There is definately something wrong with this camera.





Steventy
Advanced Member



2043 Posts

 Posted - 09/19/2011 :  9:51 PM  Show Profile  Reply with Quote
quote:
Originally posted by Vertical_Trekker

I've played HD video at 1080p resolution video on my computer without problems with other video files.

On video files with this Canon Elph 300HS camera, even resized to the smallest window for the Apple Quicktime player, it exhibits the same kind of jerkiness when viewed full screen.

There is definately something wrong with this camera.





Very weird. And it is even jerky when played back on the camera?

The return policy for cameras at Walmart is about two weeks and I don't think they allow cross border returns. In the US (maybe Canada?) they allow returns without a receipt which seems like a good way to get around the two week limit and possibly the border limit - you can only get a gift card in exchange if it is an expensive item.
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Matt
Senior Member


Langley, BC
Canada

1094 Posts

 Posted - 09/19/2011 :  10:17 PM  Show Profile  Reply with Quote
quote:
Originally posted by Vertical_Trekker

I've played HD video at 1080p resolution video on my computer without problems with other video files.

On video files with this Canon Elph 300HS camera, even resized to the smallest window for the Apple Quicktime player, it exhibits the same kind of jerkiness when viewed full screen.

There is definately something wrong with this camera.




Are you sure it's not a PEBKAC error? The lens records what it sees.

Vertical_Trekker
Junior Member


West Coast, British Columbia
Canada

220 Posts

 Posted - 09/20/2011 :  08:55 AM  Show Profile  Reply with Quote
I read some reviews and they mentioned that the video gets jerky when the camera is panned.

I spoke with a customer service representative for Wal-Mart Canada and the customer service representative told me that getting a refund in Canada for U.S. purchases depend on the manager for the store.

I've had this camera for over 2 weeks because I've been searching for a fast enough memory card for this camera.

booewen
Intermediate Member


Edmonton, Alberta
Canada

828 Posts

 Posted - 09/20/2011 :  4:05 PM  Show Profile  Reply with Quote
quote:
Originally posted by Vertical_Trekker

I've played HD video at 1080p resolution video on my computer without problems with other video files.

On video files with this Canon Elph 300HS camera, even resized to the smallest window for the Apple Quicktime player, it exhibits the same kind of jerkiness when viewed full screen.

There is definately something wrong with this camera.



All 1080p video is not equal. The amount of computer power it takes to play a video is dependent both on the resolution and the codec used for the video. Particularly consumer camcorders use complicated codecs that heavily compress the video. AVCHD is a good example of this. The result is a package that takes a lot of computer to understand/decode during playback on your screen.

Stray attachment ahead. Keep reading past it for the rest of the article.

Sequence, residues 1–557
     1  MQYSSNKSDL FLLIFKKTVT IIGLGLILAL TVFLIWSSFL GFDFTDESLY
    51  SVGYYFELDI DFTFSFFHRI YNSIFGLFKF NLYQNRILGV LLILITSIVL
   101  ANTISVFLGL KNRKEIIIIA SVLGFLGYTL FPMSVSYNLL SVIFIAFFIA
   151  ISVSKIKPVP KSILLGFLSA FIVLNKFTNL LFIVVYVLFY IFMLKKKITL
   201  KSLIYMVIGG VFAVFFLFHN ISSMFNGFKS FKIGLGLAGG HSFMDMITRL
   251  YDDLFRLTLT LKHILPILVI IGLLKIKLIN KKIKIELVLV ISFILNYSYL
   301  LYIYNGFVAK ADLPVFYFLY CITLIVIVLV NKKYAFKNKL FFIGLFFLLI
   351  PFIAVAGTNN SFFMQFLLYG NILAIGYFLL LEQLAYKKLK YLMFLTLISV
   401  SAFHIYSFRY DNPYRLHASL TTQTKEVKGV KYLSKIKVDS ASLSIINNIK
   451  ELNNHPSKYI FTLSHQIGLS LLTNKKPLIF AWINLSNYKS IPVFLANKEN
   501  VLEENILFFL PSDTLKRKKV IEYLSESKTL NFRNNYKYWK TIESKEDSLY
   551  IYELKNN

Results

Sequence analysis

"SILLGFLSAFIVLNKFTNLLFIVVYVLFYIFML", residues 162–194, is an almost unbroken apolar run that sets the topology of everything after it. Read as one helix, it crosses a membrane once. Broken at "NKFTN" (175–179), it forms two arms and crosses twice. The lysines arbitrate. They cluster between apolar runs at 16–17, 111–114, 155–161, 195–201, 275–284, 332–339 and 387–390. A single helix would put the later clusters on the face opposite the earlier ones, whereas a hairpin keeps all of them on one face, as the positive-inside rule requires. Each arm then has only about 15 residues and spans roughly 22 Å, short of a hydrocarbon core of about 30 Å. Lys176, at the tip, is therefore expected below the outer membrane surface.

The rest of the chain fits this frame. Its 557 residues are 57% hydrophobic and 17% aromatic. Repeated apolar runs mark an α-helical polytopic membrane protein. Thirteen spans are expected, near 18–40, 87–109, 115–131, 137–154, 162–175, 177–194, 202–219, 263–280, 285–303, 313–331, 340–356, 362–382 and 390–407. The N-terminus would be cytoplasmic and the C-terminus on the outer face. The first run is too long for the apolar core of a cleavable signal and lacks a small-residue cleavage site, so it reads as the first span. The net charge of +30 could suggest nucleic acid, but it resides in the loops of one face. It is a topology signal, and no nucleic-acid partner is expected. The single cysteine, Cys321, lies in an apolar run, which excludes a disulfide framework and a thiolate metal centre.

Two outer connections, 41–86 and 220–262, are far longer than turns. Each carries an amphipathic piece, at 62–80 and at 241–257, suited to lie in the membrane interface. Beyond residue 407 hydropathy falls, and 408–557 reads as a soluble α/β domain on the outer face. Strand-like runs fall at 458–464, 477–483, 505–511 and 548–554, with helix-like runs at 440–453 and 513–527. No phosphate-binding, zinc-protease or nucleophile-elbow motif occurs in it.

I would imagine that this is the problem.

You can test this by converting the raw (compressed) video files to a different format before playing them. There are probably some free programs to do this. 'MPEG streamclip' is an excellent program for the MAC. Not sure if there is a windows version of this. Choose any high quality option to avi, wmv or mov (h264) and it probably will play just fine.

gyppo
Intermediate Member


Edmonton, AB
Canada

771 Posts

 Posted - 09/20/2011 :  6:43 PM  Show Profile  Reply with Quote
quote:


The "x" number gives you the actual speed. Each x = 150 KB/s.



Amazing, this is still the same standard that was used when CD-rom drives came out!

Vertical_Trekker
Junior Member


West Coast, British Columbia
Canada

220 Posts

 Posted - 09/20/2011 :  10:30 PM  Show Profile  Reply with Quote
Thanks for all the tips.

I called a local Wal-Mart and customer service told me that I can't get a refund because I had the camera for over two weeks. What a bummer because I never even opened the box and touched it until yesterday.

What's even more disappointing is that the camera has been used by someone else when I bought it. There were smudge marks, dust, dirt all over the camera. I spent about a hour cleaning the whole camera. It was my fault for not examining at the camera in the box before buying it. 2nd, it's Wal-Mart, so they don't have opened box items labelled for their products.

I went out and tested the video for the camera and it was very poor quality for 1080p. Everything was just horrible, slow focus, very washed out colours, grainy quality and image stabilization was the worst I've seen in a camera with IS.

I think I'll use this camera for casual social events and as a last resort backup camera when I'm outdoors. Skin tones and exposures photos are pretty damn good though. My Canon powershot G6 from 1994 takes better quality photos. Even a Sony camera (W550) which I purchased at Costco for about half the price of the Canon Elph 300HS produces for similiar quality photos.

These new P&S cameras are becoming worse and worse.